CommonCodes is an attempt to create a standardized list of program exit statuses.
CommonCodes includes the 15 exit codes defined by BSD in
sysexits.h that range from 64 to 78.
GNU Bash uses the exit status 2 to indicate incorrect usage of shell builtins. Bash also uses codes above 125 for special exit statuses like termination by a sent signal.
CommonCodes adopts both of these rules, using 2 as a generic usage error and not defining any codes above 125.
If you're going to use the CommonCodes standard in your program, be sure to document it. A good place would be both the
--help summary and the programs manpage.
It is recommended to always add which exact version is being used.
Some ranges have been kept empty so that developers may add error messages of their own, tailored to the program that they are writing.
If statuses in these ranges are defined then they should always be documented. Again in the
--help summary and in the manpage.
In the table of the following section, these rules, which are similar to command usage patterns, apply for the messages:
- Italic and/or underlined symbols are placeholders for other text that should get replaced for real messages.
In places were formatting does not exist, placeholders are wrapped in angle brackets (
- Text and symbols in bold parenthesis are grouped
- Text and symbols in bold square brackets may be omitted in real messages
- Text and symbols followed by bold ellipsis (three consecutive dots (
...)) may be repeated one or more times in real messages
- A vertical bar (
|) means alteration: either only the left or right side may be used
Some status messages have the suffix
appendend to them and a lot of usage errors about arguments also contain the placeholder
may be more information on what the error represents and why it happened.
may be either a POSIX short option or a GNU long option, if that option received the argument that is invalid instead the program itself.
Exit Status Table
The program executed successfully or the
Any other error that doesn't fit in any other category.
Any other program usage error that doesn't fit in any other category.
Not enough arguments have been passed down to the program or to an option of the program.
Too many arguments have been passed down to the program or to an option of the program.
The entered option is not specified in the program.
The spotted option at this position with the combination and order of arguments and other options is invalid.
The argument is invalid and cannot be used.
The entered (sub)command of the program is not known.
The program can not work with empty or blank argument.
The argument is not a valid number or is not a valid integer.
The numerical argument is out of the given range.
The argument does not match the pattern provided. The pattern can be glob, regex or any other pattern matching system.
|13 - 23|| |
Usage errors defined by the developer of the program. These should always be documented.
The item in question could not be found.
The item in question already exists and is of type
The item in question is of the wrong type.
An external program is required but could not have been found.
A general network error occurred.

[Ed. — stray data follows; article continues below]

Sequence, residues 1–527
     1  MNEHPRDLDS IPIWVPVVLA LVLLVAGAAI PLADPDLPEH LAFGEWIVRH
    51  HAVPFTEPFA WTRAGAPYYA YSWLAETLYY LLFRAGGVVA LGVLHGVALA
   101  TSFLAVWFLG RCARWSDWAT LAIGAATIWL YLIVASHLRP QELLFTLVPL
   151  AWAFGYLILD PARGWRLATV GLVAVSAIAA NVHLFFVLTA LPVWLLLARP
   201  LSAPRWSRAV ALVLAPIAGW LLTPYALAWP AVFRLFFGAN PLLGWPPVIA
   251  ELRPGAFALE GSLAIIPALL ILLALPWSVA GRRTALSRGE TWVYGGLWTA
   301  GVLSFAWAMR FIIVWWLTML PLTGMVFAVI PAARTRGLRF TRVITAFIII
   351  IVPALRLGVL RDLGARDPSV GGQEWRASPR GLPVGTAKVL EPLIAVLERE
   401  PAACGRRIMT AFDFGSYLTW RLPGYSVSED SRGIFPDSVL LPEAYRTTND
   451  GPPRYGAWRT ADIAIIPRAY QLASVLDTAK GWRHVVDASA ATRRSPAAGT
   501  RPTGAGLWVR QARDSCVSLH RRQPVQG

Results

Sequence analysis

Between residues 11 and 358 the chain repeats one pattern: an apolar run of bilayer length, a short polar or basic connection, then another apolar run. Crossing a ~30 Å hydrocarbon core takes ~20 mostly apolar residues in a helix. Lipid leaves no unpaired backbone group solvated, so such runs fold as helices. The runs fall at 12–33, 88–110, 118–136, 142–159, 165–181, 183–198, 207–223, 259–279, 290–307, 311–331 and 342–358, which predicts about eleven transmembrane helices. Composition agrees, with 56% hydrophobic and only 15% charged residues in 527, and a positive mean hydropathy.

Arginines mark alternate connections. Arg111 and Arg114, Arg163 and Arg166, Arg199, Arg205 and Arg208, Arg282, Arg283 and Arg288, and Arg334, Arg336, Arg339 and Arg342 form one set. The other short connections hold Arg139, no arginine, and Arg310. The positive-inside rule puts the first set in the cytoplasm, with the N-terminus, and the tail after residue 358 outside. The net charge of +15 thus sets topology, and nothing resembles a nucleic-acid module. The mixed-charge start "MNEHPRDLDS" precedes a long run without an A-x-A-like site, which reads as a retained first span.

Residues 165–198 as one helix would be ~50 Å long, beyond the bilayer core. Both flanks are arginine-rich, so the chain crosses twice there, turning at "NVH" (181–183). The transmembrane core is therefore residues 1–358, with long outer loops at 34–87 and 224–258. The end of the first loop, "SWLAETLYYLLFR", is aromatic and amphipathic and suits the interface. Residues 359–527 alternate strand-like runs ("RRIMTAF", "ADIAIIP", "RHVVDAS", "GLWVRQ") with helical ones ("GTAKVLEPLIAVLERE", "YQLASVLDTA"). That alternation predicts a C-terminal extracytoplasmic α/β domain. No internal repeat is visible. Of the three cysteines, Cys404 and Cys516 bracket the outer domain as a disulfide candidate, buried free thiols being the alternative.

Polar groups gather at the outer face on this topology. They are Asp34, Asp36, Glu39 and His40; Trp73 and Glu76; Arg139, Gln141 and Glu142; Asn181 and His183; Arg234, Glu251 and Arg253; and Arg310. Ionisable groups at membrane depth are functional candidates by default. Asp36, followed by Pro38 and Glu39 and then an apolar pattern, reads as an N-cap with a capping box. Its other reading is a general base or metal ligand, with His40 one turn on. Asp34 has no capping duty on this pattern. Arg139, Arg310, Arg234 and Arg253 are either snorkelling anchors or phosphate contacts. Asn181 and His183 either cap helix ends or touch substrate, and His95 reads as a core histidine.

No network connection is established.
A network request took too long and timed out.
A general arithmetic error occurred.
|32 - 47|| |
Custom exit codes defined by the developer that aren't actually errors, but rather, feedback for the program user. These should always be documented.
|48 - 63|| |
General custom errors defined by the developer. These should always be documented.
The command was used incorrectly, e.g., with the wrong number of arguments, a bad flag, a bad syntax in a parameter, or whatever.
The input data was incorrect in some way.
An input file (not a system file) did not exist or was not readable. This could also include errors like "No message" to a mailer (if it cared to catch it).
The user specified did not exist.
The host specified did not exist.
A service is unavailable. This can occur if a support program or file does not exist.
An internal software error has been detected.
An operating system error has been detected.
Some system file (e.g.,
A (user specified) output file cannot be created.
An error occurred while doing I/O on some file.
Temporary failure, indicating something that is not really an error.
The remote system returned something that was "not possible" during a protocol exchange.
You did not have sufficient permission to perform the operation.
Something was found in an unconfigured or misconfigured state.
|79 - 97|| |
Configuration, property and setting errors defined by the developer. These should always be documented.
Too many symlinks were encountered when trying to resolve the realpath.
The name of the file is too long.
A general memory error occurred.
There was not enough free memory (either heap or kernel memory) to perform an operation.
A stack overflow occurred.
Generic internal fault.
|104 - 122|| |
Different internal faults, defined by the developer. These should always be documented.
The program was intentionally halted by the developer because a value is invalid and can't be worked with.
The shell script can either only be executed interactively (using command "
Cause of error is not known, not even to the developer.
Since exit code 2 (generic usage error) and exit code 64 (command line usage error) are basically the same, it is recommended to use code 2 when distributing for GNU/Linux systems and code 64 when distributing for BSD systems.